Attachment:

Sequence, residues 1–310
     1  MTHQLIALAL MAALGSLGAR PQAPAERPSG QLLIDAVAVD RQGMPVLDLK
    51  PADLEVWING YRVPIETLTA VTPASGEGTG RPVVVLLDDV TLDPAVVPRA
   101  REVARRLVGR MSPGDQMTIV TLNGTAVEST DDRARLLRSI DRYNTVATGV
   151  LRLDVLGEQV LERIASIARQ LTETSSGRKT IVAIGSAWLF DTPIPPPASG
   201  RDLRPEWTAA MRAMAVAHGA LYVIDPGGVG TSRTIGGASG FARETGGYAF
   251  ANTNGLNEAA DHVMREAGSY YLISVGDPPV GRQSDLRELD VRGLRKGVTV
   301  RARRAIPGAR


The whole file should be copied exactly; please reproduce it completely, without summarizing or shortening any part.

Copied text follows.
Sequence, residues 1–310
     1  MTHQLIALAL MAALGSLGAR PQAPAERPSG QLLIDAVAVD RQGMPVLDLK
    51  PADLEVWING YRVPIETLTA VTPASGEGTG RPVVVLLDDV TLDPAVVPRA
   101  REVARRLVGR MSPGDQMTIV TLNGTAVEST DDRARLLRSI DRYNTVATGV
   151  LRLDVLGEQV LERIASIARQ LTETSSGRKT IVAIGSAWLF DTPIPPPASG
   201  RDLRPEWTAA MRAMAVAHGA LYVIDPGGVG TSRTIGGASG FARETGGYAF
   251  ANTNGLNEAA DHVMREAGSY YLISVGDPPV GRQSDLRELD VRGLRKGVTV
   301  RARRAIPGAR